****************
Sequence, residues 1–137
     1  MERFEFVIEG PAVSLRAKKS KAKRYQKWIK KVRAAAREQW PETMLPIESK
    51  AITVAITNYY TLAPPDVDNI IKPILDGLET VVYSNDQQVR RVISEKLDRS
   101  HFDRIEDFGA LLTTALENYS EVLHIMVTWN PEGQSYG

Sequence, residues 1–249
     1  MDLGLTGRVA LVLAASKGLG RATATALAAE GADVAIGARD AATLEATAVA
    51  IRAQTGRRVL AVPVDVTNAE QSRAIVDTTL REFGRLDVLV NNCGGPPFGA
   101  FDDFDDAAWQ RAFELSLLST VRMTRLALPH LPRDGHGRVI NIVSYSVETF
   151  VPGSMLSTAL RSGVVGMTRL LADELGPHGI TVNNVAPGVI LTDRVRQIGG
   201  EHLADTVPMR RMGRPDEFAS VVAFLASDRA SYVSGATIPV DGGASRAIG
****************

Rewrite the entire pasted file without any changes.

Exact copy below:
Sequence, residues 1–137
     1  MERFEFVIEG PAVSLRAKKS KAKRYQKWIK KVRAAAREQW PETMLPIESK
    51  AITVAITNYY TLAPPDVDNI IKPILDGLET VVYSNDQQVR RVISEKLDRS
   101  HFDRIEDFGA LLTTALENYS EVLHIMVTWN PEGQSYG

Sequence, residues 1–249
     1  MDLGLTGRVA LVLAASKGLG RATATALAAE GADVAIGARD AATLEATAVA
    51  IRAQTGRRVL AVPVDVTNAE QSRAIVDTTL REFGRLDVLV NNCGGPPFGA
   101  FDDFDDAAWQ RAFELSLLST VRMTRLALPH LPRDGHGRVI NIVSYSVETF
   151  VPGSMLSTAL RSGVVGMTRL LADELGPHGI TVNNVAPGVI LTDRVRQIGG
   201  EHLADTVPMR RMGRPDEFAS VVAFLASDRA SYVSGATIPV DGGASRAIG